When [Salmon Salmon [Salmon]]

In When [Salmon Salmon [Salmon]], Cooking Sections trace the construction of salmon — the colour of a wild fish, which is neither wild nor fish (nor even salmon). Colour is a vector that composes forms, entwines species, and signals environmental changes. From the Isle of Skye, Cooking Sections document how industries are changing the planet’s metabolism, redefining the shades we live in, censoring our sensitivity to the Earth and its hues while constructing new extractivist territories. Salmon usually feed on red-pink crustaceans, like shrimp and krill, making them metabolise the colour that tints salmon. But farmed salmon have become [salmon], which are deprived of the substances that should otherwise salmon their bodies. These fading colours are just another signal of the new architecture of the climate emergency.

Cooking Sections examines the systems that organise the world through food. Using site-responsive installation, performance, and video, they explore the overlapping boundaries between art, architecture, ecology, and geopolitics. Established in London in 2013 by Daniel Fernández Pascual and Alon Schwabe, their practice uses food as a lens and tool to observe landscapes in transformation. They have worked on multiple iterations of the long-term site-responsive CLIMAVORE project since 2015, exploring how to eat as humans change climates.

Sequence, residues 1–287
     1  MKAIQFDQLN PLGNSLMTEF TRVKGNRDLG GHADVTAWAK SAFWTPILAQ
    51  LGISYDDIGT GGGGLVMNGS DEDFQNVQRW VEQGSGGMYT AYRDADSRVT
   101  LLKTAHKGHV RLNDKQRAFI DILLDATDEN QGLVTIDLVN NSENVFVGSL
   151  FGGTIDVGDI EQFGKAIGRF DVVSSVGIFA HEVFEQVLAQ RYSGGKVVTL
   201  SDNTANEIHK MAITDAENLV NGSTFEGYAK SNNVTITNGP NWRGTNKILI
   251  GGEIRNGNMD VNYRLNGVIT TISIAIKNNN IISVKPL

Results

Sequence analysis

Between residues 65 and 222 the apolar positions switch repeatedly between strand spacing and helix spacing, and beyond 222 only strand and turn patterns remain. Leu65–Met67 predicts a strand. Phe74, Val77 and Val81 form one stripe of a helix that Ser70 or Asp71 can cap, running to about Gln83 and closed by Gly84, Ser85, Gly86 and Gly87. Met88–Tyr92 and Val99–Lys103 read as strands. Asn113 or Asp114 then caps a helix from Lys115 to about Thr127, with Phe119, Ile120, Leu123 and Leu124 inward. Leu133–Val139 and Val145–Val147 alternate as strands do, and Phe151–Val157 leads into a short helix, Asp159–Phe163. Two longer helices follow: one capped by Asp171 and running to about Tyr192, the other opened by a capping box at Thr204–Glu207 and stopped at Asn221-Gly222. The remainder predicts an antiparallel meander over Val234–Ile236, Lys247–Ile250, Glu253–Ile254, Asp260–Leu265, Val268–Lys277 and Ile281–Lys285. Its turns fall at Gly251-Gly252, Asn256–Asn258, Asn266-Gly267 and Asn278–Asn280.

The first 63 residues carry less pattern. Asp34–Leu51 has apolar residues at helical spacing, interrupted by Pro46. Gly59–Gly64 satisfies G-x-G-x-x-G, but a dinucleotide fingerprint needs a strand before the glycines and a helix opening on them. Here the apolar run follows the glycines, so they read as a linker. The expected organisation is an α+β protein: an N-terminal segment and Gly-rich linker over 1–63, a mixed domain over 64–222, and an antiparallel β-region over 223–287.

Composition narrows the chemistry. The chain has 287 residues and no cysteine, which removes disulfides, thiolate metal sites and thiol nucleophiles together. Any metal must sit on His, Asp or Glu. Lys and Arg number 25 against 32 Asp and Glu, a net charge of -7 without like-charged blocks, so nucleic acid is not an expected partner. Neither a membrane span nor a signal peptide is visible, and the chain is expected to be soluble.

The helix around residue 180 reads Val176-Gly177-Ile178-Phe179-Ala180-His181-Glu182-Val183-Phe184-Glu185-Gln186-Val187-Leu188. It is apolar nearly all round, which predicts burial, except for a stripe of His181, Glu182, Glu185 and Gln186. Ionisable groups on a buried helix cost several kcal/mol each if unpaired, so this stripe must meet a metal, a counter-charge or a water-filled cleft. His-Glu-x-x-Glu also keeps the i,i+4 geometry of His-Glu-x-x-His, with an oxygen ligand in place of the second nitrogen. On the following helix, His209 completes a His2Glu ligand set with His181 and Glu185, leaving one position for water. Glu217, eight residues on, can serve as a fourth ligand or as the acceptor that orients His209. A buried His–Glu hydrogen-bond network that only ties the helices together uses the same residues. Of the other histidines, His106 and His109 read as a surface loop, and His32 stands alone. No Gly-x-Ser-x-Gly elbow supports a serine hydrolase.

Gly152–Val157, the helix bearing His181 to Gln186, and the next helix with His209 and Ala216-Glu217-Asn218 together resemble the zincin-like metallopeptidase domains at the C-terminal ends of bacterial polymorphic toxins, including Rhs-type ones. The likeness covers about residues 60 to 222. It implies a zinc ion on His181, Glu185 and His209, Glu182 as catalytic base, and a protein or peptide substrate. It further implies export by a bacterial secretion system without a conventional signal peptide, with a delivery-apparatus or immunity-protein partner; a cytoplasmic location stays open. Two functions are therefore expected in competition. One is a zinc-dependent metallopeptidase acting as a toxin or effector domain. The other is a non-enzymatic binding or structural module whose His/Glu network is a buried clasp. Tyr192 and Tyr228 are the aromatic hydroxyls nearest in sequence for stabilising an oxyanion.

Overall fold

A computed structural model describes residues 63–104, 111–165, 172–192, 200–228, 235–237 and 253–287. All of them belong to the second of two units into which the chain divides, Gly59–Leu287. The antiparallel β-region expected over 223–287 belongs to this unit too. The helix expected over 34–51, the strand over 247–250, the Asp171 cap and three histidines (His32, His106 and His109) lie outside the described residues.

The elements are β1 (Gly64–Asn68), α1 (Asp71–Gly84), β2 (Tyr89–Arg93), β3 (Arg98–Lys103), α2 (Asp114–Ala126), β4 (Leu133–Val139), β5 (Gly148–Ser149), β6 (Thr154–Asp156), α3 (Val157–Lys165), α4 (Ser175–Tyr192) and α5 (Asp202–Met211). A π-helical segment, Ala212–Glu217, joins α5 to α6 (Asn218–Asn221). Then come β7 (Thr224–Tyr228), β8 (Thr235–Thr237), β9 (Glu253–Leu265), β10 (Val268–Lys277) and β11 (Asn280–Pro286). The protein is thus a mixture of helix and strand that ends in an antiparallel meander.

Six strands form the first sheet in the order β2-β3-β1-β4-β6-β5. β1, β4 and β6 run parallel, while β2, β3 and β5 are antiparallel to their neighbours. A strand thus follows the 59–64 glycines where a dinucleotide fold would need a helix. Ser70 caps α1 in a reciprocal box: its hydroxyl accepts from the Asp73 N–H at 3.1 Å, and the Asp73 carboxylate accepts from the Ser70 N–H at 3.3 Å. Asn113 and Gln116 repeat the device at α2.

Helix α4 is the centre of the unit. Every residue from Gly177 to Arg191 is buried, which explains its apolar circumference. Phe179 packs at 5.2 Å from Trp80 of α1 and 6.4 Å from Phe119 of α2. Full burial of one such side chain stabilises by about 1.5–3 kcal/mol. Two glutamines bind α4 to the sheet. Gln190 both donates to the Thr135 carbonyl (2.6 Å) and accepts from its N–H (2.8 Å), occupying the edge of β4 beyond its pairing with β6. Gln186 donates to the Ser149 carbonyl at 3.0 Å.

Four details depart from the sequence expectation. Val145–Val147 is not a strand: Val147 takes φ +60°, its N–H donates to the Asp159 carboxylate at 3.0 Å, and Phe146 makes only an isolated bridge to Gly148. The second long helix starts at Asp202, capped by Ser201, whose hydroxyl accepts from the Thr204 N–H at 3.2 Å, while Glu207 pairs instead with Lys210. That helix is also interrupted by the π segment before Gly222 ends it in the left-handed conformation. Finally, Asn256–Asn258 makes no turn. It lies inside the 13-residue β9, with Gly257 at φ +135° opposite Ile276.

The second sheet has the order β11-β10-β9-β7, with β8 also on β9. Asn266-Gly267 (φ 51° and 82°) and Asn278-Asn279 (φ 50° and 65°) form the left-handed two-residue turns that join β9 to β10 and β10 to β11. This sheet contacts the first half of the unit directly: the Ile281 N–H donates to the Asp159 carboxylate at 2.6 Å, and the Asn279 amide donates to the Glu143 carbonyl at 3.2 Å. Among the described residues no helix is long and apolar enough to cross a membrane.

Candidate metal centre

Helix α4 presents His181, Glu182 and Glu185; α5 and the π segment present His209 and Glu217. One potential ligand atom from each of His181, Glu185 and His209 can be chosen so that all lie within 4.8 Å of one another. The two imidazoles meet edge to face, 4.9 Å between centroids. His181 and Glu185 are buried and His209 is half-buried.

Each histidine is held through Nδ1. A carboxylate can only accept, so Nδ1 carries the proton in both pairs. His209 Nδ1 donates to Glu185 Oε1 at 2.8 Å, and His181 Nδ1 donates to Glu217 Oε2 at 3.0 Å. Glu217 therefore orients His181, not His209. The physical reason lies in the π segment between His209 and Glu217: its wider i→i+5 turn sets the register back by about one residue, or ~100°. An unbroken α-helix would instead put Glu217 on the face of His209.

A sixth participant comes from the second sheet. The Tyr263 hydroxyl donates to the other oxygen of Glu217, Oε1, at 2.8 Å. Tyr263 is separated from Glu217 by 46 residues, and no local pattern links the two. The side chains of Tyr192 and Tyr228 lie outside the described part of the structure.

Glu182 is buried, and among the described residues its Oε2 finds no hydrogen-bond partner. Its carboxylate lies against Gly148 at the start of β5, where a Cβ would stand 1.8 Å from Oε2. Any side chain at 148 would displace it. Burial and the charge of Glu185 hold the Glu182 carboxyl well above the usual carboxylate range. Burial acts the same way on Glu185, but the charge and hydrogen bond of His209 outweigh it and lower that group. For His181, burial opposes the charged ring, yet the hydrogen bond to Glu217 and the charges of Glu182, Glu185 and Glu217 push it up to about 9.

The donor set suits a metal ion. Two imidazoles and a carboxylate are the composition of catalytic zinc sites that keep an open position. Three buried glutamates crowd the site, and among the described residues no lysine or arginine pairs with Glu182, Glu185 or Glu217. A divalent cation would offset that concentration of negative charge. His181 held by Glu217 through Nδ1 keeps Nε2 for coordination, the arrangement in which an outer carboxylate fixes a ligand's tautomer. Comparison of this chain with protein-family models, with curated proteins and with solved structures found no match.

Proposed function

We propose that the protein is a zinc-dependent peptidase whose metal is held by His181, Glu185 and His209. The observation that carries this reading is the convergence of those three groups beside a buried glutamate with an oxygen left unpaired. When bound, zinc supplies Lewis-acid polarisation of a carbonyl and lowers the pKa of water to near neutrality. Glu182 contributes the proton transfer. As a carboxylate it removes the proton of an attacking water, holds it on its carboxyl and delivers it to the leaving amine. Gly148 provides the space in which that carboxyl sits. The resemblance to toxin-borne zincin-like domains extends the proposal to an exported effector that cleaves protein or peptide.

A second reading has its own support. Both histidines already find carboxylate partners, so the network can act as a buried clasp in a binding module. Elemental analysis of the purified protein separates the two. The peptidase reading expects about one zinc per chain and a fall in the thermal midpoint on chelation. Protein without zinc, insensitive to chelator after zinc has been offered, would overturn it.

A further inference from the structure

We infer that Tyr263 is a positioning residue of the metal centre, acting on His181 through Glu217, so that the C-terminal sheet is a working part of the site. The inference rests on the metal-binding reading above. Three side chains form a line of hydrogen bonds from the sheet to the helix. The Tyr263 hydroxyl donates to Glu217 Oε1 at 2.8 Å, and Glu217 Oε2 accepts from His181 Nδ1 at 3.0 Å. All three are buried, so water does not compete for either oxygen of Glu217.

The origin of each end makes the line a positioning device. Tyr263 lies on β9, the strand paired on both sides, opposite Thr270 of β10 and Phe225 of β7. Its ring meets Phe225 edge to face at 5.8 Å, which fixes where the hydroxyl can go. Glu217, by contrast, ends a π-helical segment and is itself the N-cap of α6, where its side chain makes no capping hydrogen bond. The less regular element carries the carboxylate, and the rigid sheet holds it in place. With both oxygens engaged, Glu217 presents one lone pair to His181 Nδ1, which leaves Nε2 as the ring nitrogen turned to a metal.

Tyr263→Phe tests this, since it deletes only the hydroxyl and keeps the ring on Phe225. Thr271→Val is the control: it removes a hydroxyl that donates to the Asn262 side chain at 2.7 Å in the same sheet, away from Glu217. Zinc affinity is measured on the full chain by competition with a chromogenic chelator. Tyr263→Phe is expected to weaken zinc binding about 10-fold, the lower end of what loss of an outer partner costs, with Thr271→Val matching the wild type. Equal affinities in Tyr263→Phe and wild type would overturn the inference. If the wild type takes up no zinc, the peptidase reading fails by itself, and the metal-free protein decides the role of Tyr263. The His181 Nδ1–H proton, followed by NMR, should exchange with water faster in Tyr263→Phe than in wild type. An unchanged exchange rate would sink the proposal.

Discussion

This performance is in conjunction with Edible Responses, a congregation of minds, practices, and ideas that are striving to transform food systems in times of environmental crisis. The afternoon of activities includes talks, a film screening, and a lecture performance; that brings together artists and researchers, who use food as the lens through which to think about systemic injustice and responses to it, especially in light of the climate emergency.  Conceived collaboratively by CLIMAVORE and Art Jameel, its contributors include Cooking Sections (Alon Schwabe and Daniel Fernández Pascual), Devlin Kuyek, Habib Ayeb, Munem Wasif, Nida Sinnokrot and Sahar Qawasmi.